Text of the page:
Archives by Day

December 2017
SuMTuWThFSa
12
3456789
10111213141516
17181920212223
24252627282930
31

Droplitz

Platform(s): PC, PlayStation 3, Xbox 360
Genre: Puzzle
Publisher: Atlus U.S.A.

Advertising





PSN/XBLA/PC Preview - 'Droplitz'

by Erik "NekoIncardine" Ottosen on June 11, 2009 @ 9:00 a.m. PDT

Droplitz is an addictive puzzler that's all about strategically twisting and connecting mismatched dials to save precious droplitz. Just making a single junction is child's play; can you master the art of the combo or will you let your pipes runneth over?

Atlus Software is starting to break into the casual space with several of their recent releases, such as manic puzzler Puchi Puchi Virus. However, one of their latest works breaks into the grand tradition of slow-paced, ultra-casual games meant to relax and inspire just the right amount of thinking. I spent some time at E3 demoing the PlayStation 3 and iPhone versions of Droplitz, but it's also coming to the Xbox 360 and PC.

Droplitz is a fairly basic puzzle game, somewhat reminiscent of PopCap's Rocket Mania or Yohoho! Puzzle Pirates's Alchemistry mini-game. The board consists of a series of sets of pipes that are straight, curved or branching. Drops fall from the top to the bottom, moving as the pipe commands. The drops, however, will not move up, and instead disappear when they're unable to move any further. If a drop successfully reaches the bottom on a complete path, then all tiles involved in that path will disappear and be replaced with more. You keep doing this with increasingly elaborate paths to raise your score, and the only limit is a time limit that is extended with each drop you land.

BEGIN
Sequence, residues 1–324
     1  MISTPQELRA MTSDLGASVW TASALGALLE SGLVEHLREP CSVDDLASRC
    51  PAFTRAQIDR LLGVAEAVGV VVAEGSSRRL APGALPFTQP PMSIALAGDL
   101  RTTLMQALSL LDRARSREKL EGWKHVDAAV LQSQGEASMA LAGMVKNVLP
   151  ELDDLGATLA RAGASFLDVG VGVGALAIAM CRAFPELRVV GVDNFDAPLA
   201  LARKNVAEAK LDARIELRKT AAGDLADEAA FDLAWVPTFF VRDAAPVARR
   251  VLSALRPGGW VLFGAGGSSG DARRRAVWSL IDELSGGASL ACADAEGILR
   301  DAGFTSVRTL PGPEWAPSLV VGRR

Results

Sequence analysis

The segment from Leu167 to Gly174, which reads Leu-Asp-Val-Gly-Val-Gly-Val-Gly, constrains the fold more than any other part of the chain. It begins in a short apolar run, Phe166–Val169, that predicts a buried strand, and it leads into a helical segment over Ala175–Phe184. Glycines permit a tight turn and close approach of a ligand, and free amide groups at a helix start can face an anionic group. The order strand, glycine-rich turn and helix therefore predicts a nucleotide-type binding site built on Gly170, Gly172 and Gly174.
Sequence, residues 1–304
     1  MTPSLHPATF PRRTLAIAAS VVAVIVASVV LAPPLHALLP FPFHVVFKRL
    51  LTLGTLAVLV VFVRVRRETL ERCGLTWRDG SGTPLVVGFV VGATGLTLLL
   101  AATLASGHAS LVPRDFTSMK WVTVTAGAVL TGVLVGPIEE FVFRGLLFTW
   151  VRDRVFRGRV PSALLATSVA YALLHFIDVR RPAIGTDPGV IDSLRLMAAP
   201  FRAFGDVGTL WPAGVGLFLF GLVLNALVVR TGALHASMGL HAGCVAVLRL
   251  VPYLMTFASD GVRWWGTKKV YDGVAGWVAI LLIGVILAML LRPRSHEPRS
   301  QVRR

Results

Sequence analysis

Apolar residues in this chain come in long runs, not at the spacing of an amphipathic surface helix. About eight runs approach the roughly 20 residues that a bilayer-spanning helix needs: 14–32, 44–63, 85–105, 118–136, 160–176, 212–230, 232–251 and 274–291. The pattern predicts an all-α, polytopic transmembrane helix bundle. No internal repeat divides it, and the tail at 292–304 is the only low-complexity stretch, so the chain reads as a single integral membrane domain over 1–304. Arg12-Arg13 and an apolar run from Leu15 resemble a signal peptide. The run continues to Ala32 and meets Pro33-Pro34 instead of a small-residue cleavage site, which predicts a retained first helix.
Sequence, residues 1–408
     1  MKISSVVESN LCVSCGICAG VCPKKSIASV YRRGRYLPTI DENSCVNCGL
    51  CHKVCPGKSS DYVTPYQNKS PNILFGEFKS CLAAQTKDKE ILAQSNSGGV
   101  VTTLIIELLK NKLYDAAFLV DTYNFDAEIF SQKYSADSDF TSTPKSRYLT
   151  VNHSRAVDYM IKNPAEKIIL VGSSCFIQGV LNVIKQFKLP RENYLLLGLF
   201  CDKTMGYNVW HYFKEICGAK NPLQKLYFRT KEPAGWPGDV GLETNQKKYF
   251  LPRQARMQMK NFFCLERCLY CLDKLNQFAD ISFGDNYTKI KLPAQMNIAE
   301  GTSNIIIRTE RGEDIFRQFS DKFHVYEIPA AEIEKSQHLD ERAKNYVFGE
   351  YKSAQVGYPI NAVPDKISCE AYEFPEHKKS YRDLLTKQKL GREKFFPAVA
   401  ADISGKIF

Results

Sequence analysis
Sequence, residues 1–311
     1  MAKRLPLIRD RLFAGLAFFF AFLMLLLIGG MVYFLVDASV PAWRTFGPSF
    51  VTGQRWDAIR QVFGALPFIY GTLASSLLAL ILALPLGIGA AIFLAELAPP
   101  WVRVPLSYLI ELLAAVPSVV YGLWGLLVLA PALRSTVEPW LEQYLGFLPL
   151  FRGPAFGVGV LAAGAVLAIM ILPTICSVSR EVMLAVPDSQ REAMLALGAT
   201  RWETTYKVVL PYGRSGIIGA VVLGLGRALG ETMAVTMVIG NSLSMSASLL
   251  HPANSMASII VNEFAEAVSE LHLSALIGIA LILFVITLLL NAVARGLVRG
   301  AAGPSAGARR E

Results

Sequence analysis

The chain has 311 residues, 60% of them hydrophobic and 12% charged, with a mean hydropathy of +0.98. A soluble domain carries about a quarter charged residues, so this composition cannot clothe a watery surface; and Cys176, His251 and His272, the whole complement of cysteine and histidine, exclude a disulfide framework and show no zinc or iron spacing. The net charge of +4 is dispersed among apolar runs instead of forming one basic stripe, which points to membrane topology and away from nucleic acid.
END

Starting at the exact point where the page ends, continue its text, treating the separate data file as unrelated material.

Droplitz is simple and quick.  The iPhone version had me poking tiles to rotate them into place, while the PS3 version had me moving a cursor to select the tile. Both also offer a "fast-forward" button when you have a complete path, so the player has the option to speed up the play. It is neither encouraged nor discouraged, but it's there to help the player decide on his or her play style. There are only a few tricks to vary play.


The iPhone version didn't have much by way of sound, but I was able to hear them for the Xbox 360 version, which was being publically displayed.  The sounds aren't very loud but are nicely ambient. The game is nothing special, but the graphics have little hints of polish to look good.

The end result is that Droplitz is a nicely addictive, pick-up-and-play title.  It's the sort of game that, with a pause button, you could easily picture yourself alt-tabbing into and out of between productive periods of work. For the pure casual space that often defines the downloadables market, Atlus has found a nice game that works well on all systems for which it's available. I'll admit that I'm hoping for a DS release soon.


 


More articles about Droplitz
blog comments powered by Disqus